Whilst conducting security testing and assurance activities, I went looking to show logon events in Office 365. My first query was on IdentityEvents, this led to a view of a multi month attack by a threat actor/s against a tenent, followed by exploring the rabbit hole of logs and computer systems. This blog summarises some of the methods and findings when considering threat hunting and authentication defences for Office 365. (bear with me I am tired so this might need a bit of a tune up later!)Read more “Defending Against Direct Authentication Attacks in Microsoft Office 365”
When it comes to digital technology, we have to consider many things.
Availability, Confidentiality, and Integrity are good building blocks for considerations. We can probably split this into two major views to start with:
- What does a typical consumer care about?
- What security and privacy considerations could be made?
A typical consumer may be about:
- WIFI Coverage
- Ease of Use
- Ease of Support/Troubleshooting
- What happens if it breaks?
- Can I stop my kids messing with it? (Probably not so why bother)
|MITRE||CVE – CVE-2022-26809 (mitre.org)|
|Impact||Remote Code Execution (RCE)|
|Exploit in the wild||Currently not observed|
|Difficulty to Exploit (if PoC available)||Very Low|
|Network Position||TCP/IP Routable or Network Adjacent|
|Authentication Required to Exploit||No|
|Affected||Windows Client/Server OS|
|Typical Service Ports||TCP 135,139,445|
|Vendor Patch Available||Yes|
|Exploitable in Default OOB (out of the box) configuration||Unknown|
|Exploitable Client/Server||Believed to be client and server side exploitable|
Ok this is not a small subject areas and it’s not a HOW TO guide but it should at least give you some ideas for tools to deploy and areas to check that are abused by Ransomware gangs and ATPs etc. Thanks to people who contributed!
This is not everything but it’s some common low hanging weaknesses:Read more “Rapid Active Directory Hardening Checklist”
Go and run this on the connection servers:
It’s crude so also look for the modified timestamps, recent unexpected blast service restarts and if you have process logging go and check for suspicious child processes over the period. Once you have checked, run a backup, then if they aren’t patched, patch the servers! (i know patching isn’t as simple as just patch!)Read more “Log4Shell exploitation and hunting on VMware Horizon (CVE-2021-44228)”
If you have a business email compromise incident and you haven’t deteced it in a timely manner your fist notification might be a bad experiance, the threat actors may have commited fraud, attemped fraud or simply launched a phishing If you have a business email compromise incident and you haven’t detected it in a timely manner your fist notification might be a bad experience, the threat actors may have committed fraud, attempted fraud, or simply launched a phishing campaign from your environment. If you are in this position, there are some steps you can take from a technical point of view to limit impact and reduce risk of a re-occurrence. This blog is a high-level view at some of the tactical and longer-term activities you can conduct.Read more “Post Business Email Compromise actions for Office 365 Users”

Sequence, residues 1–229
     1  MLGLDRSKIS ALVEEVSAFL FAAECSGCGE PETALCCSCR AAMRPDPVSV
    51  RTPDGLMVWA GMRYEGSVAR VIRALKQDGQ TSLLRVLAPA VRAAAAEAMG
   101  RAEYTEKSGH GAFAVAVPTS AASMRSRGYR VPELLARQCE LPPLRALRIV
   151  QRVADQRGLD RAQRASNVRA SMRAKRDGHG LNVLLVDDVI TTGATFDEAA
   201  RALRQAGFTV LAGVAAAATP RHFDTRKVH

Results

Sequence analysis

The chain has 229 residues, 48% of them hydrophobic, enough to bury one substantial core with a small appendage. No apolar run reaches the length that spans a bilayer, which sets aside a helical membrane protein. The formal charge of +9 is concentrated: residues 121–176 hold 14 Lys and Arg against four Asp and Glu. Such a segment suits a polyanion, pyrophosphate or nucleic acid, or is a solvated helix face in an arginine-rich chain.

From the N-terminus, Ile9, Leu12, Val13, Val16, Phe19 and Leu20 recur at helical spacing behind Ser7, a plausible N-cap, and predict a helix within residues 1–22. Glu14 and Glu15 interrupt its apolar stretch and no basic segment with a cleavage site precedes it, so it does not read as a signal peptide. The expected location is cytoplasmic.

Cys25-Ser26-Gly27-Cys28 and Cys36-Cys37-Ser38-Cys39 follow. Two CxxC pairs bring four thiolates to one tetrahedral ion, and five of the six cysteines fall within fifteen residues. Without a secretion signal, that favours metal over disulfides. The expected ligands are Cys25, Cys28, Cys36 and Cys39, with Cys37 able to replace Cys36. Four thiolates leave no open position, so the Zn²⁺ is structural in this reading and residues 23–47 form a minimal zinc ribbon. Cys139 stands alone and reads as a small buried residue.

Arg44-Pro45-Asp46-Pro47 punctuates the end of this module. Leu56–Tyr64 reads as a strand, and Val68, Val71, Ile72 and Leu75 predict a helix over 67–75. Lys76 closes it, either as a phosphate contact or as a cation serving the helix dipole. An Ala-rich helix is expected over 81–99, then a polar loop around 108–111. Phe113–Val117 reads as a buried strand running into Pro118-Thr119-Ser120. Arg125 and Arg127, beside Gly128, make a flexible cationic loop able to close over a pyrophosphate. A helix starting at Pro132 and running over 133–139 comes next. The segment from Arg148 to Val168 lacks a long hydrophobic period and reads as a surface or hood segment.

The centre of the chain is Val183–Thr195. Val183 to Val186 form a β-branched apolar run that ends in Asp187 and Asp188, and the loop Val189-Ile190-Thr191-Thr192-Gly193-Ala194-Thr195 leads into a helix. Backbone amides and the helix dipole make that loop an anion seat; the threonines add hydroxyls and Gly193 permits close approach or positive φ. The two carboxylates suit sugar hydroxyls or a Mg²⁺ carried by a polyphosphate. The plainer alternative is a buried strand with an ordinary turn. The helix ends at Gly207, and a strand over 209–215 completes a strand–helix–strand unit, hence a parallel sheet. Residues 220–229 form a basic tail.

This is part of a series I’m writing which is focusing on some of the core fundamentals of why cyber security is a business issue, why business leadership should care and invest in a good security posture and I’m looking at common security threats and ways you can combat these. Read more “I’m the CEO why do I care about phishing threats?”
First and foremost, I’m going to start by saying if I include any cliché quotes it’s probably in an ironic context or used to show how they aren’t practically useful. Why are we here? Well, based on the title, it’s because you are either a CEO/MD or you are in a leadership position and want to learn a little more about cyber security.
I’m sure you have read the news, I’m sure you have seen vendor adverts explaining something like:
- Zero Trust
- The Security Skills Gap
- How phishing can be solved through security awareness training (pro tip: it can’t)
And I’m sure someone on your LinkedIn feed you have seen people exclaim all kinds of crazy things like:
- TLS Weaknesses Lead to Ransomware
- Security is Simple (it, I’m afraid, is not)
- Managed Security Service Providers ensure security
“Security education and awareness darling, it’s all the rage! It’s simply to hot right now.” Ok stop, let’s take a minute to get some context. It’s the year 2021, organisations are taking a battering round the globe from cyber criminals who are deploying ransomware, extortion, and fraud via a range of methods but one you can’t not have heard of is phishing.
In this post today, I’m going to look at realities of initial access, phishing and some questions I think people should be asking themselves about the idea of phishing their own userbase. I try and look at this from multiple perspectives because I think it’s a complex subject. Let’s start with initial access methods!
Common Patterns of Access
If we look at the world of technology and cyber security, you will see logs of references to frameworks and language that is enough to send even the committed to sleep! However, let’s abstract from our TTPs, our MITRE ATT&CK frameworks and our “threat actors” and let’s talk in normal English. Read more “Phishing your own people – path to eroding trust or a useful tool?”